Insight News

Feb 07th

Obama targets 5,000 schools nationwide for closing, reopening

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WASHINGTON (NNPA) - President Barack Obama has targeted 5,000 schools across the country to be closed then reopened with new faculty and administrators over a five-year span.

The move is in keeping with his promise to improve public education, the White House says.
While the president lacks the power to close chronically underperforming schools himself, his strategy would have local school officials in various states and jurisdictions work closely with his administration to see what works for public education.

So far a list of the targeted schools has not been made available and will be determined  in consultation of both state and local districts based on criteria established for them under guidance of the federal Education Department. But they would be in the bottom 5 percent of those in ailing systems -- and the goal would be to transform 1,000 of them each year into vigorous learning facilities.

District of Columbia Public Schools (DCPS) is currently undergoing rigorous reformation under no nonsense Chancellor Michelle Rhee; and according to a report by Washington, D.C.-based Center on Education Policy, the number of schools in Maryland under restructuring has steadily increased over the past year, with the state currently listing 85 schools that have failed to meet standards outlined in the No Child Left Behind Act of 2002.

Under Obama’s watch, NCLB which is allotted about $500m million each year, is slated to be rewritten.

While the District continues to lose many of its students to charter facilities, DCPS officials have implemented projects such as the D.C. Opportunity Scholarship Program and DC Stars to drive up student achievement.

The Center for Educator Compensation Reform has reported that DCPS schools made significant gains on the state assessment over the last academic year, but that less than half of students reached proficiency levels in both reading and math on the 2008 tests. However, DCPS’s graduation rate increased slightly from 66.2 percent in 2006 to 67.9
percent in 2007.

Many of such improvements came under the leadership of former District of Columbia Board of Education President Robert Bobb, who left the District earlier this year to take up an emergency challenge in Detroit to turn its public schools around.

According to reports in Detroit, Bobb has asked U.S. Education Secretary Arne Duncan to help get the school system ''placed under a special presidential emergency declaration'' to get federal funding for infrastructure and curriculum.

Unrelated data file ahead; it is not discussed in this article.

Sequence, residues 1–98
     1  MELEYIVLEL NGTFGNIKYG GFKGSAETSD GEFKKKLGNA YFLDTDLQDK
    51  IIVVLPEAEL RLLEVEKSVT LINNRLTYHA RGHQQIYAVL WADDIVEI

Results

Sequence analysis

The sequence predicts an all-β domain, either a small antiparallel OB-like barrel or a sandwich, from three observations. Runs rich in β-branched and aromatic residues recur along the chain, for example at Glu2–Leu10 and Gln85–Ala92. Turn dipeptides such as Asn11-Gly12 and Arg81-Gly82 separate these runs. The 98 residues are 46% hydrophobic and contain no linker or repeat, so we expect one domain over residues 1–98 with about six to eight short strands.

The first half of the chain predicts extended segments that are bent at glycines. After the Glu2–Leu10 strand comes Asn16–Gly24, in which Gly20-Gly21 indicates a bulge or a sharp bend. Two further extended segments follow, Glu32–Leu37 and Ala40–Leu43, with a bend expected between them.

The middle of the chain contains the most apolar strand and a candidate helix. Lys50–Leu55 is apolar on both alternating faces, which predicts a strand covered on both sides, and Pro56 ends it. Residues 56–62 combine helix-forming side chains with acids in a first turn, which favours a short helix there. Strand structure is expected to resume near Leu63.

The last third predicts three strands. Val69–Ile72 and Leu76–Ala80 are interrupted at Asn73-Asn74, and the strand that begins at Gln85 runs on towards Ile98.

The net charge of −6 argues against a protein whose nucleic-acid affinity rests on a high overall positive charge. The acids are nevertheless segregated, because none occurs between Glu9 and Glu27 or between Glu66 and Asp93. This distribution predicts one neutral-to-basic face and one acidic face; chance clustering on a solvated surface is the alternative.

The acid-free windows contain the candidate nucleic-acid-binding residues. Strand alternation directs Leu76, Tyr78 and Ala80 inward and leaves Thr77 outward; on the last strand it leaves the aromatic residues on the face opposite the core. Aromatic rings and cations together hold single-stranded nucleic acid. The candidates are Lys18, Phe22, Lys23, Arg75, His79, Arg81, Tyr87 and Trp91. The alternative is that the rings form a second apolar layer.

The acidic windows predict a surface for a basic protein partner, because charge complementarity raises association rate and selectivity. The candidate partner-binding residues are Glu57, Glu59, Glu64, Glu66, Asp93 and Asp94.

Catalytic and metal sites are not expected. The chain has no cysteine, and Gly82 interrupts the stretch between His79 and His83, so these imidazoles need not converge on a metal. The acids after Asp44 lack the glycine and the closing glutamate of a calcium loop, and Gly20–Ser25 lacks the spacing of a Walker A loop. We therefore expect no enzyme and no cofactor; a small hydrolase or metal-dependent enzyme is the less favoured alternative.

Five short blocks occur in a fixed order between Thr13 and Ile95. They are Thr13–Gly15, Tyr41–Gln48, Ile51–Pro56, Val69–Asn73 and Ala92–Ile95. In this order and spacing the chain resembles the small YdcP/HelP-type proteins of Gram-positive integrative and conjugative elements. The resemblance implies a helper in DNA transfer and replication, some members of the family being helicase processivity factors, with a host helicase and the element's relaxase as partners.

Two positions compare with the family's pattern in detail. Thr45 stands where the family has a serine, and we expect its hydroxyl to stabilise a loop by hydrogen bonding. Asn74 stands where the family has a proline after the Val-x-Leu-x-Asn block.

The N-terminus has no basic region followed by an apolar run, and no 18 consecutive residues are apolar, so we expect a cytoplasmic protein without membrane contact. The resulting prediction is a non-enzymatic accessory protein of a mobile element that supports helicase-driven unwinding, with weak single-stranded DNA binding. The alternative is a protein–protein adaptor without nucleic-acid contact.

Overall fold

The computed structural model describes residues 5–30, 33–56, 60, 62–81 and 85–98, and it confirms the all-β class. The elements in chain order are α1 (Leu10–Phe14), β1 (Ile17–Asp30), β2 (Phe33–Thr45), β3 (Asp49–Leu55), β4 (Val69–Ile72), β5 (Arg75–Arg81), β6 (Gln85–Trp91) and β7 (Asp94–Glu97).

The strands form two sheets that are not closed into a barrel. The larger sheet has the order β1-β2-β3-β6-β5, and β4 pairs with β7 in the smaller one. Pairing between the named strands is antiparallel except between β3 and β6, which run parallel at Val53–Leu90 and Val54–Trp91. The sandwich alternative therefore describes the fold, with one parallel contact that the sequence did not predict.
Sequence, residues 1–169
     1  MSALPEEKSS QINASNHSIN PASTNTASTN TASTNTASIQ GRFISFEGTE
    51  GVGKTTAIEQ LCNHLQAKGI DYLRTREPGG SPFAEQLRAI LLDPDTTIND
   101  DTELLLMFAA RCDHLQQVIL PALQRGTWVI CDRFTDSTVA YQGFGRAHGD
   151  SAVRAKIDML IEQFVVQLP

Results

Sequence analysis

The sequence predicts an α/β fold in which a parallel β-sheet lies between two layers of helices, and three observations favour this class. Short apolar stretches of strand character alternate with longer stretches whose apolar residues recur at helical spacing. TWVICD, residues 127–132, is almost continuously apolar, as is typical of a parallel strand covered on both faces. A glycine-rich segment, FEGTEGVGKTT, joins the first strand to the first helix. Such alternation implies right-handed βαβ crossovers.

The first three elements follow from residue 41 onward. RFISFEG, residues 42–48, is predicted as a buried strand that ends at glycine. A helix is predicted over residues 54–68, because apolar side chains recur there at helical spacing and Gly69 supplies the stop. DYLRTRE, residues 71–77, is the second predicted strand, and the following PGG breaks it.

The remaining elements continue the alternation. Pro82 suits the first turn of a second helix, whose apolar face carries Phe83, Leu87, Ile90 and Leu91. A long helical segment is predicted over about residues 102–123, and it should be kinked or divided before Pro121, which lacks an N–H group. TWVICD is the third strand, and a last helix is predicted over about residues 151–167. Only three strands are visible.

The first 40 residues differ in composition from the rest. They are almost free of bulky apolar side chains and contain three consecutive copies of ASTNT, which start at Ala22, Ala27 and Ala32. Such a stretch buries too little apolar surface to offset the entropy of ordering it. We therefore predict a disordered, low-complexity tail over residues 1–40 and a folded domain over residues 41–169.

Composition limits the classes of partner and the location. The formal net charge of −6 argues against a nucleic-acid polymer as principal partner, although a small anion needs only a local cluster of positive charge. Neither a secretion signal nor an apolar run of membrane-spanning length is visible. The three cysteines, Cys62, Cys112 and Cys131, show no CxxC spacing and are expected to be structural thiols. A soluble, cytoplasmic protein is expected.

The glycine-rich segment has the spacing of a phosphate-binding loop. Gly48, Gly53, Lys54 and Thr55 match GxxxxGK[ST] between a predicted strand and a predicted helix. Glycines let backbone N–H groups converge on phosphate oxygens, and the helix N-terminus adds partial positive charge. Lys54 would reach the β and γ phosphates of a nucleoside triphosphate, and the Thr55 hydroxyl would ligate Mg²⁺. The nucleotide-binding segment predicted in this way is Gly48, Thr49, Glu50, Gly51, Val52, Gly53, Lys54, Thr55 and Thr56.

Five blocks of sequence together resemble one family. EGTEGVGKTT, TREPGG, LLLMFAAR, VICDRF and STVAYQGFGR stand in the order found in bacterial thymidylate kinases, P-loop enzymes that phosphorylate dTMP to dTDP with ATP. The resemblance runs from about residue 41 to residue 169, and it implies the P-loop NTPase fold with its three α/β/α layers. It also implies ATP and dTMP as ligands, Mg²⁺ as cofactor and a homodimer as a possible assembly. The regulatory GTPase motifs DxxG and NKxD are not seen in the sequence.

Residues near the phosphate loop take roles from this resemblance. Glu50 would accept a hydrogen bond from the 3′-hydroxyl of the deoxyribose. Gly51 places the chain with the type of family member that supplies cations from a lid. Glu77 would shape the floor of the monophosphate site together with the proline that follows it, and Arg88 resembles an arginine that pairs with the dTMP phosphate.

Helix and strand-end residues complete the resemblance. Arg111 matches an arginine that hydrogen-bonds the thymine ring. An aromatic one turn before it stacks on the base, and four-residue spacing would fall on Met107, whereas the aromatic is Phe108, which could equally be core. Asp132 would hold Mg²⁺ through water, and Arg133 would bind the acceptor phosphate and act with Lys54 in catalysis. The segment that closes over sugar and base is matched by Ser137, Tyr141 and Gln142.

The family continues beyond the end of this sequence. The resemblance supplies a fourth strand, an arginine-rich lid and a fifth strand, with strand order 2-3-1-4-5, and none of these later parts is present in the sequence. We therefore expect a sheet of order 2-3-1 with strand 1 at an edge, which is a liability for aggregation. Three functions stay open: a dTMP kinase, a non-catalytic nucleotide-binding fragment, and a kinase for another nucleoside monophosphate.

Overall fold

Referring to Obama’s plan, Duncan said children just have one shot at a good education and Obama’s plan includes better pay for teachers as well as untested ideas for turning the systems around.

Duncan, a former Chicago schools chief, commented in an Associated Press interview, that Obama’s strategy could also mean replacing a principal or turning a school over to a charter school operator.
“We really want to put a laser-like focus on those schools that have historically under-performed,” Duncan said.

He also during a recent speech at the Brookings Institute in Washington that, ''If we turn around just the bottom one percent, the bottom thousand schools per year for the next five years, we could really move the needle, lift the bottom and change the lives of tens of millions of underserved children.”
Obama’s plan hinges on as much as $5 billion earmarked in his budget for the federal school turnaround program. As a result, each of the schools involved could be in line for $1 million each in program and staff upgrades.

In addition, the president’s stimulus legislation has reportedly boosted funding to $3.5 billion and his budget would add another $1.5 billion by shifting dollars away from traditional programs.
But not everyone is in line with Obama’s plan, saying that overall it would equate to less schools funding. For example, funding for Title One schools which are normally appropriated the largest federal dollars, would decrease to just under $13 billion from the $13.4 billion allocated this year, according to a Black America Web report.

Mary Kusler, a lobbyist for the American Association of School Administrators said district officials have already planned their budgets and may have to use stimulus dollars to make up the difference.
Said Kusler, ''The increases that were provided to districts through the stimulus were not instead of future funds — they were supposed to be in addition to future funds.''

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